What is mindfulness?

Mindfulness is the practice of purposely focusing your attention on the present moment and accepting it without judgement. Novelist Louis L’Amour says it best: “Few of us ever live in the present. We are forever anticipating what is to come or remembering what has gone.” Anjuna Medicine strives to bring our clients the best acupuncture and massage therapy experiences as possible, and that means helping patients practice mindfulness during appointments and providing them with the tools to achieve mindfulness on their own.

Being mindful means we only concentrate on the here and now. We are in the moment and do not attach specific meaning to thoughts coming to mind.  We are aware of the thought but know every moment has a passing nature, and a reaction is not needed as these moments and thoughts will soon belong to the past. Mindfulness favors observing the thought and letting it sail away without attaching emotion or rational.

Mindfulness can be a dynamic contributor in the 8 dimensions of wellness:

Emotional         Occupational         Environmental         Physical

Financial           Social                      Intellectual                Spiritual

One of the most powerful ways mindfulness can bring improvements to our physical and psychological selves is by bringing positive changes in behavior and health philosophy. Science and mindfulness complement each other in helping people eat well and maintain their health and wellness. For example, mindful eating is a practice in which you stay completely focused on the act of eating. You think about every bite you take, focusing on the texture of the food, the feeling of your chewing, and where on your tongue you are tasting your food. Giving this much detailed thought to your eating boosts the inclination towards eating foods that actually feel good to eat, and those foods are often healthier than greasy, sugar-filled foods. Mindful eating also extends meal times, which is a proven way to cause us to eat less.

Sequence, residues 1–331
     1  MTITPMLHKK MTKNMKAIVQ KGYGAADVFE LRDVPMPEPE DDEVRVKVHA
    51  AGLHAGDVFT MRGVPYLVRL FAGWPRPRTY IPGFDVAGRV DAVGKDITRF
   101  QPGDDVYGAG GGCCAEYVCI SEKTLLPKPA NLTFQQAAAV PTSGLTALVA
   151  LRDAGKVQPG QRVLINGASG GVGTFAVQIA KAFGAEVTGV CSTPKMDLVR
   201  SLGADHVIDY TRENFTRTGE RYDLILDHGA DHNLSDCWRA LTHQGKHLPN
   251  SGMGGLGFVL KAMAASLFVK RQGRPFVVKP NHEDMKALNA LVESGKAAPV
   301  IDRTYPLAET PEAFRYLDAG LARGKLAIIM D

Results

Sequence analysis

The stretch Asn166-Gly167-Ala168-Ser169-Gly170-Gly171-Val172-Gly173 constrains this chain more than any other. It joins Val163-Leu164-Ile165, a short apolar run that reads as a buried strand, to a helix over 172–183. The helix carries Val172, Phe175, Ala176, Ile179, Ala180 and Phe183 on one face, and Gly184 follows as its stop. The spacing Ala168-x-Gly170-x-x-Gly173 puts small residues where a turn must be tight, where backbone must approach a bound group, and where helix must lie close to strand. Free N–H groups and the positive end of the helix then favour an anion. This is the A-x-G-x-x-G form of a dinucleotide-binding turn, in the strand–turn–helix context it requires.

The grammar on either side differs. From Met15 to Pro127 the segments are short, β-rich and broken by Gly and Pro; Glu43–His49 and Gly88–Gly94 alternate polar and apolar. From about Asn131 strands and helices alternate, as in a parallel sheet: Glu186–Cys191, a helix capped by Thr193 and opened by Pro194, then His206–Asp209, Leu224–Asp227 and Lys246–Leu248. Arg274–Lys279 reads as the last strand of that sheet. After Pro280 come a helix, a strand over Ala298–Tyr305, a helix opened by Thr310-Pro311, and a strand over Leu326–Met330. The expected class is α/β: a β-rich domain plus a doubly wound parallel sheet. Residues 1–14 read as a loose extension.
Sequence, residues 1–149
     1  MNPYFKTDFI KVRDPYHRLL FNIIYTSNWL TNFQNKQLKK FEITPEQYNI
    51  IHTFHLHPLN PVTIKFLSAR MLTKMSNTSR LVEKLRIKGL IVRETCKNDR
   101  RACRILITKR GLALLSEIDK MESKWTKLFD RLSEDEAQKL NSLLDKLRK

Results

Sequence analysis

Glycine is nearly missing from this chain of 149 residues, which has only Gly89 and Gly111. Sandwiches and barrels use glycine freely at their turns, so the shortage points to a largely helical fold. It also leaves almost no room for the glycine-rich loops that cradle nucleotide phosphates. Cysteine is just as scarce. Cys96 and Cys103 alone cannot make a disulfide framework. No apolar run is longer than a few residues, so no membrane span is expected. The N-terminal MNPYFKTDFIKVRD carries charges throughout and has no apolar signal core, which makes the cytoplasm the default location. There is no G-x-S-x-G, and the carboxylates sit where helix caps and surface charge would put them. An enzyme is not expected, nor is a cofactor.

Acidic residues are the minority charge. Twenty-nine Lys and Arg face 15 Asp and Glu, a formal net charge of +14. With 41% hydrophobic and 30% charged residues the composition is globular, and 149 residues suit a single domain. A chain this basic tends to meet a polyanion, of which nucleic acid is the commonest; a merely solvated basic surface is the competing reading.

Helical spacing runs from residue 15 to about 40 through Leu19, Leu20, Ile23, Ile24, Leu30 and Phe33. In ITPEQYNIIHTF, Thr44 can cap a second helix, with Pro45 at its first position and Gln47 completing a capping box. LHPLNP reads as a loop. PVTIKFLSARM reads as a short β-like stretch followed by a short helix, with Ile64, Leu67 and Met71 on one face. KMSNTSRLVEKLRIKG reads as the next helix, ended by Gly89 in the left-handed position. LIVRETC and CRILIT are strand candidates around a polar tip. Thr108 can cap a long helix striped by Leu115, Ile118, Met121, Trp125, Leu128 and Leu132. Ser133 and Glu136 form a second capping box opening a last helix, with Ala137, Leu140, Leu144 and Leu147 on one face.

Mindfulness can also help with the following physical conditions:

Blood pressure          Chronic pain          Insomnia

Intense emotions      Stress/anxiety      Substance abuse/addiction

Not all of us have the time, inclination or discipline to practice mindfulness several hours a day, or to become a master at it, but we can take a few minutes here and there throughout our day to be mindful. Mindfulness is easy to practice anywhere and requires nothing more than a personal commitment and making time in your day.

Here are a few mindful techniques you might want to try:

  • Walk mindfully- take stock of the environment  
    • Ask yourself what you see, hear, smell etc.
  • Self-reflect mindfully- take stock of yourself 
    • Label your thoughts – feel your emotions and label them, i.e. anger, worry, resentment, frustration, etc., and observe without emotional involvement.
  • Breathe mindfully 
    • Become aware of the breaths you are taking and try to maintain a steady pace

Making an appointment for an acupuncture or message therapy session is a great first step to achieving mindfulness in your life. In all facets of life, practicing mindfulness will teach you to stay in the moment, accept that change is constant and non-threating, and have sharper awareness of the real world. Thich Nhat Hanh’s eloquence says it all in a few words: “The past is gone, the future is not yet here, and if we do not go back to ourselves in the present moment we cannot be in touch with life.